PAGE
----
The airline, easyJet (LSE: EZJ), has had a challenging couple of years, with a highly uncertain demand outlook for air travel hurting its fortunes. Yet the easyJet share price is still up 47% over the past year, at the time of writing today. Lately, though, it’s been falling. The shares have lost a third of their value since May.
Here I consider whether this downward trend could continue.
EasyJet and the demand challenge
The problems facing easyJet have been similar to those of rivals such as Ryanair and British Airways owner IAG. Plummeting demand last year saw revenues collapse. It has been difficult to get visibility on when and how fast travel demand might return, due to constantly shifting and complex regulations. Airlines have high fixed costs, so even though revenues may not have been coming in, a lot of money has to keep going out.
EasyJet had some advantages going into the pandemic. It enjoyed a strong balance sheet and owned many of its planes, giving it extra financial flexibility. Nonetheless the company has struggled so much that it had a £1.2bn rights issue last month. That helped raise more funds to boost liquidity, but at the cost of diluting existing shareholders. On top of that, rival Wizz announced its interest in taking over easyJet. While easyJet has rebuffed that advance for now, it is stark evidence that its competitors see weakness in its position.
Yet for many years, easyJet was seen as an attractive company by investors. Not only did it have robust finances, it paid out a big dividend each year. Its most recent full-year dividend – for 2019 – was 43.9p per share. At the current easyJet share price, that would equate to a yield of around 7%.
While the pandemic has battered the airline, there are signs that demand is recovering. In its July to September quarter, the airline flew over 17m seats. That is 58% of the pre-pandemic 2019 level. That is still a big reduction, but still much higher than last year. In the current quarter, the airline expects capacity to hit 70% of the 2019 level. The airline sees positive momentum for the coming year, and expects bookings in the October to March period to be double those of the equivalent timeframe last year.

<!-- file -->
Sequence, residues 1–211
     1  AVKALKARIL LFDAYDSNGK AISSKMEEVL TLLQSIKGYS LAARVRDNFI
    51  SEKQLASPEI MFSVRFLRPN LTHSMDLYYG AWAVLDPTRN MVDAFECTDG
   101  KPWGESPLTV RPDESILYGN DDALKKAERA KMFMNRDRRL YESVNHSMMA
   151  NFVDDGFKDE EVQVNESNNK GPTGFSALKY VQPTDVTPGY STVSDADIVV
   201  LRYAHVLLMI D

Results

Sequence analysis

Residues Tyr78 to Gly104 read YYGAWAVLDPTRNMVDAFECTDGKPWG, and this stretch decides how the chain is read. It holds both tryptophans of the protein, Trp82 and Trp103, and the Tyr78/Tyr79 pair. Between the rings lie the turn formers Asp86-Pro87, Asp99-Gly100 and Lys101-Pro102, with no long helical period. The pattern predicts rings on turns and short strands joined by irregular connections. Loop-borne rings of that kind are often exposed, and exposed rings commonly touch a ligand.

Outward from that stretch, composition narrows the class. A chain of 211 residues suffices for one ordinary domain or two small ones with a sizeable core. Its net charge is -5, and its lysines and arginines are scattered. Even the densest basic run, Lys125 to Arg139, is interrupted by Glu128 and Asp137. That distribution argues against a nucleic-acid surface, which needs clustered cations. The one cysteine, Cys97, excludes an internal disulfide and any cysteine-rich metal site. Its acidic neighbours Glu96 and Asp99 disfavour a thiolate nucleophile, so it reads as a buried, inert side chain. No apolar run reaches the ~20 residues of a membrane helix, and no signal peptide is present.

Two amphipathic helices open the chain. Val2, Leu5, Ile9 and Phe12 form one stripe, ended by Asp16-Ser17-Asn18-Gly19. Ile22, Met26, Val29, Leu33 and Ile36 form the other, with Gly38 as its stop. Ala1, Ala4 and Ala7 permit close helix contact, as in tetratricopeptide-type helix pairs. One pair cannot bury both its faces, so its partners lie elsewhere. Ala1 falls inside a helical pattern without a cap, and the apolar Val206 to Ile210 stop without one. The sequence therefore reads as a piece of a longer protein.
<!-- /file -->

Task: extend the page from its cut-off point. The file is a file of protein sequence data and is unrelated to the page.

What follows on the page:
If passenger numbers recover, revenues increase, and losses are cut, the current easyJet share price could yet be come to be seen as a bargain. After all, Wizz is an astutely run business. If it saw value in the easyJet share price, might the same be true for me?
My take on the easyJet share price
While Wizz could benefit strategically from a takeover, the same doesn’t apply to me as a private investor potentially buying easyJet shares.
The airline’s demand recovery continues to look fragile. Any further travel restrictions could lower passenger numbers. That could lead the share price to fall lower. Meanwhile, I remain concerned about the liquidity risk at easyJet. The company has close to £1bn in net debt. If further restrictions dampen demand, there is a risk that negative cash flow could strain liquidity further. That could lead to more shareholder dilution.
Whatever the prospects for demand recovery, I see many risks to the easyJet share price. I won’t be adding it to my portfolio.
The post Will the falling easyJet share price keep falling? appeared first on The Motley Fool UK.
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Christopher Ruane has no position in any shares mentioned. The Motley Fool UK has recommended Wizz Air Holdings. Views expressed on the companies mentioned in this article are those of the writer and therefore may differ from the official recommendations we make in our subscription services such as Share Advisor, Hidden Winners and Pro. Here at The Motley Fool we believe that considering a diverse range of insights makes us better investors.